BSF Camp Attack: Contingency Plan Worked But Need Long-Term Vision
Addressing issues related to pay gap and policy will go a long way in boosting the morale of BSF.
I sit down to write this piece today with a great sense of pride after being a part of the Border Security Force for over 38 years. The pride emanates from the fact that the BSF troops carried out efficiently the operation to neutralise the suicide attack by militants on their camp in Srinagar.
The sense of pride is further heightened due to the fact that the youngsters whom one can partly claim to have groomed and mentored are leading from the front, handling difficult situations and earning a good name for the organisation.
Another Uri-like Incident Averted
Heavily armed militants sneaked into the campus of 182 Bn BSF at Humama, Srinagar close to the airport in the early hours of 3 October. All the three militants belonging to the JeM were eliminated in a highly professional manner.
Since the campus is located in a densely populated area, use of Automatic Grenade Launchers (AGLs) mortars i.e. area weapons was not possible fearing casualties among civilians. The alert BSF jawans foiled another Uri-like incident following their quick reaction to the attack and by suitably adapting their tactic to the fast developing situation.
Things may and do go wrong while operating in a hostile environment, but the manner in which the situation is retrieved depends on the leadership qualities of the commander-on-spot, besides the training and professionalism of the troops he’s leading.
So, while the skeptics may ask as to how the militants managed to sneak in, I would leave it for the mandatory “Court of Enquiry” to establish and suggest remedial measures. However, it must be brought out that the campus of the unit has a proper perimeter wall only on two sides.
Regular Drills Came in Handy
Ashwini, the Commandant of the 182 Battalion BSF, led from the front to eliminate three Jaish militants with minimum collateral damage. Unfortunate death of one ASI and injuries to other soldiers was in the first flush of fire by militants, while these jawans were sleeping inside their barracks.
Unlike many such operations in recent times where the militants managed to occupy vantage positions and engage with the troops for long, in this particular operation the BSF jawans eliminated all the militants quickly.
The success achieved by the troops in this operation would not have been possible without practicing drills evolved for such contingencies. That the Commandant ensured the contingency plan is followed, stands proven beyond doubt.
This is what the Commanders are expected to do – evolve drills, practice them and ensure they are implemented during operations. Another aspect that the commanders are expected to ensure is to prevent complacence from setting in, which starts happening over a period of time when nothing seems to be happening. Fatigue sets in and the troops tend to commit mistakes.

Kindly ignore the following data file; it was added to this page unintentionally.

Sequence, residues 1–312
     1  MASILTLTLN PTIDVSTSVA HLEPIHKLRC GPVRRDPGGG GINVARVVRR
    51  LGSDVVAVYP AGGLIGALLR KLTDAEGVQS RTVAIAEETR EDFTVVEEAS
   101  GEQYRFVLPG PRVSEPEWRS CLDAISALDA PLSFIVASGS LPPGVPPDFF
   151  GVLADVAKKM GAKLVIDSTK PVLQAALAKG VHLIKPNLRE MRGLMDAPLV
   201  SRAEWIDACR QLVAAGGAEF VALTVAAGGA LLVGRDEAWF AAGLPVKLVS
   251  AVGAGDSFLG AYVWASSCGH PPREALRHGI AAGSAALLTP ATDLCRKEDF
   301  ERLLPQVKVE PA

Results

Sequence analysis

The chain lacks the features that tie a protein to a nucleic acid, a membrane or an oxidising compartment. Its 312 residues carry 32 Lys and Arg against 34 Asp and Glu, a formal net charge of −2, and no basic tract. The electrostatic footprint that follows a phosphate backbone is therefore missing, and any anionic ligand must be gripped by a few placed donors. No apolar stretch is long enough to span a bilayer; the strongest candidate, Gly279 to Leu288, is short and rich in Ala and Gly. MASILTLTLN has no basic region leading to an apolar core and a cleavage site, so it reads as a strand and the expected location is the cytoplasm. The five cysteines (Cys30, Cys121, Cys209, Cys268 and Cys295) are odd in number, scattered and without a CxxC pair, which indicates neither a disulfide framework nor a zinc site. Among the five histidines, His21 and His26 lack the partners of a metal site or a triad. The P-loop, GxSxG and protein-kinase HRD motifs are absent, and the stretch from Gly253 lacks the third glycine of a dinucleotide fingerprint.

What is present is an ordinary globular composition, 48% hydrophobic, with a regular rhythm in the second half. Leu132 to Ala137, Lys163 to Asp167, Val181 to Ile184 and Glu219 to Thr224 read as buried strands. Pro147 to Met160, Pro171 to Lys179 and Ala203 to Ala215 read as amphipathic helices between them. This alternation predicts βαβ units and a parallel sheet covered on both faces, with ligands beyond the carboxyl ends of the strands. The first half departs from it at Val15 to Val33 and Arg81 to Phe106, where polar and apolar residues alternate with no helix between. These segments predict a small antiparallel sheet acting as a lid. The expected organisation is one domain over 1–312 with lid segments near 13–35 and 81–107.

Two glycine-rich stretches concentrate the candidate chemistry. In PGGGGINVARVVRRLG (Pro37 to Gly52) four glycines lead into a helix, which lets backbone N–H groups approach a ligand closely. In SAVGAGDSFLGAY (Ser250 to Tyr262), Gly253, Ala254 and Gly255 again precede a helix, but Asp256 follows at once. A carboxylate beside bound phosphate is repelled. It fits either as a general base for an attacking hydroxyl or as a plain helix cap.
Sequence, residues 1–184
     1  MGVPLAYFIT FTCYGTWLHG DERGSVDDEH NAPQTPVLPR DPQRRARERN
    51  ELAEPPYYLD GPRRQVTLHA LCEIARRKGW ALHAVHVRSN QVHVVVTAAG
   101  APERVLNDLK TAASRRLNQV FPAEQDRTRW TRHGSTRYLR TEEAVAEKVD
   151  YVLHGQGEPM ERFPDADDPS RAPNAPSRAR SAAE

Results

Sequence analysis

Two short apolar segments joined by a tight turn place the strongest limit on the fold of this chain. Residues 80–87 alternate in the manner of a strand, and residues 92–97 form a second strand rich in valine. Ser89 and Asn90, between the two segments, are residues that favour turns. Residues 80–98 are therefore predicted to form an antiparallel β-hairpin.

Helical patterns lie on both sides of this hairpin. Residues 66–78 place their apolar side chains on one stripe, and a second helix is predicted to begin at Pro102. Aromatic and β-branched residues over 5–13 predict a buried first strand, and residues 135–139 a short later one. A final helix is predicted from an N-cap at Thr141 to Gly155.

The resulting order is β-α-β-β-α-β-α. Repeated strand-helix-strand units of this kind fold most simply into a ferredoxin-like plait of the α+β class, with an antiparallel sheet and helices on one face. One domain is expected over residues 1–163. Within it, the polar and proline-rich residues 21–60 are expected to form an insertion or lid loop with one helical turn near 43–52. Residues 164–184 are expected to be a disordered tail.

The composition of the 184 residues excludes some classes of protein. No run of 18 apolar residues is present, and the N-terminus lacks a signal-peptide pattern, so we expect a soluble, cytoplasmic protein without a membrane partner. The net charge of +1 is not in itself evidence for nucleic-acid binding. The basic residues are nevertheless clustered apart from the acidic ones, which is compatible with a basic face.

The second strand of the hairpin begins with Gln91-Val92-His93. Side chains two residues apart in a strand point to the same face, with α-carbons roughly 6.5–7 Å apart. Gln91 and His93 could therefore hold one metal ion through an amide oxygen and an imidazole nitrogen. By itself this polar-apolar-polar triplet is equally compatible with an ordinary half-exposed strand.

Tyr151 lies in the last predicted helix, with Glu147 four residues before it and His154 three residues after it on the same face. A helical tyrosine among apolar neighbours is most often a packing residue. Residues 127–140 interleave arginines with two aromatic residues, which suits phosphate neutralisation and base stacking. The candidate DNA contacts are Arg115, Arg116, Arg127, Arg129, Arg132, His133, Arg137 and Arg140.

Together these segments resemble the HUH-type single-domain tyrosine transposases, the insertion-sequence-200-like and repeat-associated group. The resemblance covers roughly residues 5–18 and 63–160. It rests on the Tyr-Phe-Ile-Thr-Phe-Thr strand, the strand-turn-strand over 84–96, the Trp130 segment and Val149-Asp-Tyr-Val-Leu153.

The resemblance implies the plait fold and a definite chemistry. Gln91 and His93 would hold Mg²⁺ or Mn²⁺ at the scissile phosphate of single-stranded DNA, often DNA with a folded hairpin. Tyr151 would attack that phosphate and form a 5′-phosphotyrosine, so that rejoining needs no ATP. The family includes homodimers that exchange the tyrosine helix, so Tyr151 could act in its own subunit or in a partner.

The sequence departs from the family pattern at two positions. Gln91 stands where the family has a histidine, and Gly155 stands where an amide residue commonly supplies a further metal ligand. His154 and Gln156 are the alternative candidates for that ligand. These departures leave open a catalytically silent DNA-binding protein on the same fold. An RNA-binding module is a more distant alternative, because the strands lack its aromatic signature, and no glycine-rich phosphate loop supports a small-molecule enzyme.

Effective communication among commanders is another important aspect of operations against militants, ensured by the company commanders and the Commandant yesterday.
Disparity in Pay Continues to Irk BSF Personnel
That the militants received effective resistance from troops after a long time in such fidayeen attacks is another reason for being elated at the performance of troops. Militants cannot take things for granted now, especially if the lessons learnt from this operation are analysed and implemented effectively by all security forces deployed in Kashmir as well as in other militancy or Maoism-affected areas.
It would also be an appropriate occasion for the government to revisit its stand of treating the employees of Central Armed Force like BSF as civilian employees.
Disparity in pay and perks vis-a-vis the defence forces and discontinuation of pension, despite performing same tasks as the Army along with assisting the defence forces in war efforts has a negative impact on the morale of troops. Such unfair treatment is the reason behind disquiet amongst the BSF personnel as is evident from the figures placed in Parliament about the number of personnel opting for voluntary retirement from the service.
Allowing BSF Officers to Take Decisions on Policy
Another policy that the government needs to review is handing over supervisory and policy level leadership of BSF to the cadre itself. Ashwini who has put in almost 28 years of service and many more extremely capable officers stand a very remote chance of rising further in service, thus depriving the organisation the benefit from their rich experience.
These officers being rooted to ground have intricate knowledge of psychology of troops and ethos of the force unlike a deputationist officer, leading to the formulation of policies which are neither in the interest of the force nor nation.
Thus the morale of operational level leadership is adversely affected and efficiency of organisation compromised.
It is recommended that the government should take urgent steps to rectify the situation for improving overall efficiency and uplifting morale of the force.
(The writer retired from the BSF as an additional director-general. The views expressed above are the author’s own. He can be reached @sood_2 .The Quint neither endorses nor is responsible for the same.)
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